Maurice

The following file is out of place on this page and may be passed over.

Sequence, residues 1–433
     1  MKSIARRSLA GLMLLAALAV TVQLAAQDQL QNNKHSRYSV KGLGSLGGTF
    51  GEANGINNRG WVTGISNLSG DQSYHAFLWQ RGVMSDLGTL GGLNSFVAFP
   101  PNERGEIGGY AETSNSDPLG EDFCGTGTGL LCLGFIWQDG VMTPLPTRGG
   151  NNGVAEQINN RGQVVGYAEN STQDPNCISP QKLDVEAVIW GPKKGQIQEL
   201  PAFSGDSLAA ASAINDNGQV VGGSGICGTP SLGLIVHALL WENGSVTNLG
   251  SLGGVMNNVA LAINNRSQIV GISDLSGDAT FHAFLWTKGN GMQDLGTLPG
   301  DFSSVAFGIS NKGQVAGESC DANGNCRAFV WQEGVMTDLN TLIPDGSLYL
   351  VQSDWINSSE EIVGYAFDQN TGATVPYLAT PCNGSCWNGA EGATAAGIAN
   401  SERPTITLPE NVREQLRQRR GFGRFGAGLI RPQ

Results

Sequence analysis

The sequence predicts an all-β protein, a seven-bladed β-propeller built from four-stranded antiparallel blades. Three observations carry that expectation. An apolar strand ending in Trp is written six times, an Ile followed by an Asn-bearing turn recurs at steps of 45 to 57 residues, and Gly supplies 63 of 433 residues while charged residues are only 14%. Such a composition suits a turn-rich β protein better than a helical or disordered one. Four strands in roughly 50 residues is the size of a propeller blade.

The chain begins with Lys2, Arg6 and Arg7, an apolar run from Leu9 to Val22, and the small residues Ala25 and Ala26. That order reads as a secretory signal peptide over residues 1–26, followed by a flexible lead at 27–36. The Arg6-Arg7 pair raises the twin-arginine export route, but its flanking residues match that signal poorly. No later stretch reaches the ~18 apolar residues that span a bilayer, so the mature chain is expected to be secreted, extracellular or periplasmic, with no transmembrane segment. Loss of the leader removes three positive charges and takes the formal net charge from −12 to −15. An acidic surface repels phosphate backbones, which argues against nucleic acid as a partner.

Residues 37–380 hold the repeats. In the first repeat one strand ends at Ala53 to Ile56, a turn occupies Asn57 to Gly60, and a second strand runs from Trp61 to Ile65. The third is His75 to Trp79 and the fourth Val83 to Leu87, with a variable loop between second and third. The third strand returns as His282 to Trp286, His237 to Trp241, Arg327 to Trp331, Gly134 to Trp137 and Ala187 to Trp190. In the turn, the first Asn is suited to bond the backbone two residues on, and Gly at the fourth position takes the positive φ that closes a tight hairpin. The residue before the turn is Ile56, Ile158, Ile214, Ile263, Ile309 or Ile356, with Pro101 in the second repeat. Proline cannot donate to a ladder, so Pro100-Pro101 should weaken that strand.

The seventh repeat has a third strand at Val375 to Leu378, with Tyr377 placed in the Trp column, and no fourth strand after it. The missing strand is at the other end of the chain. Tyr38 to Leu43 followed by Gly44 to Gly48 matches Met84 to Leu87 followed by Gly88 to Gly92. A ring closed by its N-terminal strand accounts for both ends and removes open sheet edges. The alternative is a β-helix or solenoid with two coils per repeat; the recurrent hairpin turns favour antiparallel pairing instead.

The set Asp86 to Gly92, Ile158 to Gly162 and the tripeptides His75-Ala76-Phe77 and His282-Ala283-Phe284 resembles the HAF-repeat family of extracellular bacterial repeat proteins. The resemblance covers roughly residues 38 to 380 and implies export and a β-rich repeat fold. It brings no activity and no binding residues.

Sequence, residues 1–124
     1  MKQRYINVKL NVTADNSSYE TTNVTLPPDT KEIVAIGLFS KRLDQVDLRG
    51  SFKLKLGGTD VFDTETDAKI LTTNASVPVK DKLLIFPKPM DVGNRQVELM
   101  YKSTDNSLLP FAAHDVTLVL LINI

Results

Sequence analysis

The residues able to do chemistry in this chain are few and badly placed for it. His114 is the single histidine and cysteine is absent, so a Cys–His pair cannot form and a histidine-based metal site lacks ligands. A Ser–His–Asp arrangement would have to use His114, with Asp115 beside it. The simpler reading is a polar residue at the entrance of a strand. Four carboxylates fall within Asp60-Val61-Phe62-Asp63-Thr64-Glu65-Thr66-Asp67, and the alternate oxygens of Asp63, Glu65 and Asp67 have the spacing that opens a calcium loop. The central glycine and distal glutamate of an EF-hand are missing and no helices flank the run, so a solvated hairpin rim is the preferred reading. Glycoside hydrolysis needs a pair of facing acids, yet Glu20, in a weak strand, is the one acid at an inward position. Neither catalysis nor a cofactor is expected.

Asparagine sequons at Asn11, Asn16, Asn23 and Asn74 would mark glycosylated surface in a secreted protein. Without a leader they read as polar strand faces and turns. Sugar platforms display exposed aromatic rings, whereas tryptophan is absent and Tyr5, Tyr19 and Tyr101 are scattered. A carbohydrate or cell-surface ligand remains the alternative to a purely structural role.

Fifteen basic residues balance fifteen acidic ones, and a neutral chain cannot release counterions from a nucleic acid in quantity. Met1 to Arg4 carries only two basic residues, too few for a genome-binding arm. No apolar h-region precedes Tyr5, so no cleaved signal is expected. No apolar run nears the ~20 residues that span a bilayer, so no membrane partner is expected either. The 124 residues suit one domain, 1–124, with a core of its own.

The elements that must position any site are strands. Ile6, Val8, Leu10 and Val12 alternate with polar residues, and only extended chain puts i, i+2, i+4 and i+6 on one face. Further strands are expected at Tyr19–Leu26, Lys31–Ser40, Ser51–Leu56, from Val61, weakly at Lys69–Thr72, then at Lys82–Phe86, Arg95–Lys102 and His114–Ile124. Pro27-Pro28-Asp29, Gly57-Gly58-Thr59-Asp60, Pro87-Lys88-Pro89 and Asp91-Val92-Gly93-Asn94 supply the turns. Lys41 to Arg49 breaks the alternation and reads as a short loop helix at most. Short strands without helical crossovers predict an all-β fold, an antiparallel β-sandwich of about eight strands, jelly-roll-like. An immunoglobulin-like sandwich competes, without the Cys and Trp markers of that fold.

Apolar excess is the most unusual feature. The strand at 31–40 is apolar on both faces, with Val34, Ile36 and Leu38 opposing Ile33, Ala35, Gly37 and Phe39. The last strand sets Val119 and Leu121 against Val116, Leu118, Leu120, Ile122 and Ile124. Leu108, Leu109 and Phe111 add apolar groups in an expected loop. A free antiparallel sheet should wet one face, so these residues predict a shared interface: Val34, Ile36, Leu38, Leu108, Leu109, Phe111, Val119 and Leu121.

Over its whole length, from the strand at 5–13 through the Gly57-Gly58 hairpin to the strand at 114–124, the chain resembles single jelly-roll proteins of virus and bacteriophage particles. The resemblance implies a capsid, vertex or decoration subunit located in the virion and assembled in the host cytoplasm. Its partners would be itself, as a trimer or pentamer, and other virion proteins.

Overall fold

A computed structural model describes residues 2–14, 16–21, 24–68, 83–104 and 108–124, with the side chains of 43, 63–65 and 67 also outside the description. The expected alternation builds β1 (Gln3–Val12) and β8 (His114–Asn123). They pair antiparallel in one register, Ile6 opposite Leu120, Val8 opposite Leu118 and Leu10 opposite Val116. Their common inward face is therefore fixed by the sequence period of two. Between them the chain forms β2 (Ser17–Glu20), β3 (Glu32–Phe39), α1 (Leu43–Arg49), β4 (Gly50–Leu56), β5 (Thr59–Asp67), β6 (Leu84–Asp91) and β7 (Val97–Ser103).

Maurice Z. "Maury" Wishon Former Deputy Chief of Police in Long Beach Maurice Zinn Wishon has passed away at the age of 97. He died December 17 of complications of pneumonia and prostate cancer at the Huntington Retirement Hotel in Torrance. "Maury" was born March 30, 1912 to Gladys Zinn Wishon and Thomas Arvid Wishon on a farm outside Quincy, Illinois. In 1924 the family, now consisting of two boys, with the birth of brother Harold, moved to Long Beach, California, where Thomas hoped to cash in on the bustling new oil industry in Signal Hill. Instead, Thomas was recruited onto the Long Beach Police Department, where he served until 1943. Maurice attended Long Beach Polytechnic High School, graduating in 1930. He played drums in several Poly High bands, and after graduation continued his musical career, culminating with his own band that played regularly in Long Beach and Avalon. The band was a regular attraction in 1938 and 1939 at the Avalon Pavilion. In 1939 Maurice met Betty Brown of Long Beach, and by 1940 he had renounced his flamboyant bandleader lifestyle for a more permanent job alongside his father at the Long Beach Police Department, advancing to Detective by 1941. In January of that year he wed Betty and moved to a little house on Easy St. in Long Beach. With the advent of WWII, Maurice entered the US Army, first in the Signal Corps, then the Corps of Engineers, where he attended Officer Candidate School, and quickly rose to the rank of Captain. He saw service in France and Germany in 1944 and 1945, earned two Purple Hearts and a Bronze Star for bravery, and returned to Betty and Long Beach in early 1946. Back in the LBPD, he advanced to Detective Inspector, and eventually to Captain. He was active in Police League Baseball and other police outreach programs, and was promoted in 1966 to Deputy Chief of Police, in the Patrol Division. He is credited with many innovations in the management of police patrol officers. He retired from the LBPD after a 37 year career in 1977. Maury and Betty retired to the Tehachapi area where they enjoyed frequent golf and a rural lifestyle, then moved to a less demanding property, again on a golf course, at Cherry Valley, California in 1991. As always Maury took on administrative positions where ever he went, serving on, and usually chairing, boards and committees at every stage of his life. He and Betty moved back to their beloved Long Beach in 2004, residing at The Breakers, and then at the Bixby Knolls Towers. In 2008 they moved to a care home in Torrance. On October 22 of this year, he suffered a fall and broke his hip. He came through the surgery well, but suffered several complications in the ensuing weeks. As always, he fought heroically but eventually lost his battle and passed quietly on December 17. Maurice is survived by Betty, his devoted wife of 69 years, his two sons, Glenn and Gary, nephew Thomas Crail, niece Marti Steele, grandchildren Stephanie, Jordan, Mark, and Gregory Wishon. He will be remembered for his wisdom, wit, heroism, loving, fairness, caring, leadership, musicianship, and his gentle, guiding hand. Funeral Services will be held at 1:00 PM on Monday, December 28, 2009 at the Grace United Methodist Church , 2325 E. 3rd Street in Long Beach, CA. A graveside service will follow at Westminster Memorial Park in Westminster, CA.